A topic for discussion these days that’s met with divisive viewpoints is the separation of art from its creator. I can’t think of any other perfect case in that regard than that of Euronymous. In modern terms, he was what we would now call an edge lord. Someone engrossed with his own self-image and vapid attempts at being provocative. A megalomaniac whose ego was destructive, there’s no denying his actions are one of the biggest contributing factors to the veil that obscures the truth about Mayhem. Be that as it may—his talent was without question, as was his quality control over the group’s material. (In an interview conducted with Slayer Mag he talked of taking a long time in between releases to make sure they were absolutely perfect.)

Like Deathcrush, Live in Leipzig finishes up with the title track from the first demo. Dead bellows “Come on Leipzig! Join us! Pure [email protected]#$ing Armageddon!” A defining moment to say the least, it was a piece de résistance for the lineup. In April of 1991, Dead would end his life with a self-inflicted gunshot wound. The now infamous image of the aftermath, a photograph taken by Euronymous after discovering the body, would later grace the cover of the live bootleg Dawn of the Blackhearts. It’s also the epitome of the reputation that the guitarist attempted to formulate. For all of its sensationalism, Black Hearts and another bootleg, Out From The Dark are great releases that manage to capture this unique chapter of the band’s history.

With the exploitation of Dead’s suicide, Necrobutcher, disgusted with the actions of Euronymous, departed from the group. It’s also during this time period that the infamous string of church arsons took place. An interview with Varg “Count Grishnakh” Vikernes of Burzum had blown the activities of the scene wide open. A full spread in Kerrang! magazine painted a vivid and highly sensational picture to the world—an underground satanic terrorist movement comprised of an infamous ‘black metal mafia’ with Euronymous depicted as its godfather. It’s a story that’s been poked and prodded relentlessly, and as I stated in the previous installment, it’s been talked about to the point of boredom. Even American writer Peter Sotos covered the events in a 1994 issue of Parasite, a magazine mostly devoted to violent pornography. That’s the thing: the truth is always much more fascinating than fiction. The truth of the matter is that this time period would be marred by another tragedy, and one of the group’s greatest triumphs.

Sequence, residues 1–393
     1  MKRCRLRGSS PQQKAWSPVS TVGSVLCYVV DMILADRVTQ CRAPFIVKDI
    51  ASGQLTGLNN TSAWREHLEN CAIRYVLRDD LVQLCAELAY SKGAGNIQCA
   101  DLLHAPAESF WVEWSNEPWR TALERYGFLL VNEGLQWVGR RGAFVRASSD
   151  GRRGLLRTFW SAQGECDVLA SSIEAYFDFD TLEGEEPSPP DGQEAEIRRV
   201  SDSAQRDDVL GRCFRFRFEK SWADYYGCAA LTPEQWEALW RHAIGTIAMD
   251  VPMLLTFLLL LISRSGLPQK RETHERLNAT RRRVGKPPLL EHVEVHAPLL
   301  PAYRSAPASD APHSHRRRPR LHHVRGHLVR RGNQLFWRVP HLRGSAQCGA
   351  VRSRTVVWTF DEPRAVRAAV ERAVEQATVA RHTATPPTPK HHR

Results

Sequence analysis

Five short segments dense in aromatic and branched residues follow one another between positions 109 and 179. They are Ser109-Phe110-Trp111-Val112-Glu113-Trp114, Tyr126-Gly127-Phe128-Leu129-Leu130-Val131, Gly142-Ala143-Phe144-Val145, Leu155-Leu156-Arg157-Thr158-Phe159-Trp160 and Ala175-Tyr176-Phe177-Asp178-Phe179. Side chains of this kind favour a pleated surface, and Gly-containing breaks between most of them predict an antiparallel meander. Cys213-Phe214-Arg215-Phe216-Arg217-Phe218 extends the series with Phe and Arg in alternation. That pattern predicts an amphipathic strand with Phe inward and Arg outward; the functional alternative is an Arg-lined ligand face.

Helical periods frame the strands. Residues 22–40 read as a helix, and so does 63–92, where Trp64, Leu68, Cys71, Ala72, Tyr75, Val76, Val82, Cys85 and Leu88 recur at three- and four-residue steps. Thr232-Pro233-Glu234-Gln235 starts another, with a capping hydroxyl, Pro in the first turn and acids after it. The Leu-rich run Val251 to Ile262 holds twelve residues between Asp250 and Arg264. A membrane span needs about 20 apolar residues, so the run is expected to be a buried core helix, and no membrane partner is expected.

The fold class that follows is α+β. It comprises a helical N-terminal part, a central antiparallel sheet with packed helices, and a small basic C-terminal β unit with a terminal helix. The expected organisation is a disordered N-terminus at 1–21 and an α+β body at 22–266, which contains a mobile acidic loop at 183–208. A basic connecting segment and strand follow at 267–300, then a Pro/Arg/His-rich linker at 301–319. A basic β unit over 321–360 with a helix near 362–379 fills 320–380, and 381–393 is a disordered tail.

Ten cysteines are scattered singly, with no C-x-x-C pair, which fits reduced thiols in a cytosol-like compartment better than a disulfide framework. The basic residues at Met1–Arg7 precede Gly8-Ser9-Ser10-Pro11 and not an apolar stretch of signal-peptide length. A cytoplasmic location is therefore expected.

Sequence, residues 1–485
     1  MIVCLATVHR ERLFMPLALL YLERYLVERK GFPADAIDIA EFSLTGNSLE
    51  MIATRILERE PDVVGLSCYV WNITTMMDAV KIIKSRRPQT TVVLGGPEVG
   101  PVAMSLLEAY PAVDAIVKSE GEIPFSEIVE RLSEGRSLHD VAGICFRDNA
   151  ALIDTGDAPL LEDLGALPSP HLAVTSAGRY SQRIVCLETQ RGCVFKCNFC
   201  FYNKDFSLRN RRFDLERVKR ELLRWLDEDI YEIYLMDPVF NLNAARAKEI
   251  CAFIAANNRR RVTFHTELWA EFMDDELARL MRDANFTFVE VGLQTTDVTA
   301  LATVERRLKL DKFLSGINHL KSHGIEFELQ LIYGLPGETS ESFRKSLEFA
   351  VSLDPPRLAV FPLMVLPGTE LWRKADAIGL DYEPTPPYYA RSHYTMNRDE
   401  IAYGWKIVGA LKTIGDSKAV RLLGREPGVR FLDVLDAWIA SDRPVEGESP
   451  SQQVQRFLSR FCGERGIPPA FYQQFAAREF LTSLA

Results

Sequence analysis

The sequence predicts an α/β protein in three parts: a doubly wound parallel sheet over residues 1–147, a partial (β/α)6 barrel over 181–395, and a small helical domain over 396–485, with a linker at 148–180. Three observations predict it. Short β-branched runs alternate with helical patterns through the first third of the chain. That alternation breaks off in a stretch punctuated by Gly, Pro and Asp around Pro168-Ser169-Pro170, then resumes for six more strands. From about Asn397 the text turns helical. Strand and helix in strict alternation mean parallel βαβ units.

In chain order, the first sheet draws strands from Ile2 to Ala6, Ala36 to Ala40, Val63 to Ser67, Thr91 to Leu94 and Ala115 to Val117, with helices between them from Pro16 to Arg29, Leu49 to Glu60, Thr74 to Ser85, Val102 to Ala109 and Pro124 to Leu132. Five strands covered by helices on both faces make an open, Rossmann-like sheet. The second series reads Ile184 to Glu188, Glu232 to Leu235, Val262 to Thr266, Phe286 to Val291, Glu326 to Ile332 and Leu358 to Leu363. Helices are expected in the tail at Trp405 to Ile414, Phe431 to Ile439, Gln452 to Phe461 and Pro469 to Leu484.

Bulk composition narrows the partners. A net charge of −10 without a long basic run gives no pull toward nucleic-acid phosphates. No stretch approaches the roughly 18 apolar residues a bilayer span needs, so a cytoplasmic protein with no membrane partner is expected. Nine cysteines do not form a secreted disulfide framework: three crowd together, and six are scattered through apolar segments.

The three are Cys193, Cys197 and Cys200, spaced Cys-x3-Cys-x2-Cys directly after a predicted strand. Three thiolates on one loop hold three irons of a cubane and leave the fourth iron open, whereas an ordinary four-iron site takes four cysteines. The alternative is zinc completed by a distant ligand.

De Mysteriis Dom Sathanas—everything about the 1994 release is ominous and brooding. I tend to think of it in the same aspect as AC/DC’s Back in Black. It’s a requiem, a eulogy, and somehow manages to maintain an untarnished legacy. The album cover, which featured a blue rendition of the Nidaros Cathedral in Norway set against a black background, has a look to it that matches the material found on the album. While Deathcrush had an outward appearance of a group marching off to war, De Mysteriis produces a feeling similar to that of a funeral. This is a release that speaks for itself, and needs little to no introduction.

There was no defining statement, only an acknowledgment to the passing of Euronymous, who had been murdered by Vikernes the previous year. Which brings up the slight irony of the lineup that recorded the album in question. With Necrobutcher no longer a part of the group, Vikernes, whose debut Burzum album had been put out on Euronymous’ label Deathlike Silence, had handled bass for the album. Vocal duties would fall on Attila Csihar of the Hungarian band Tormentor.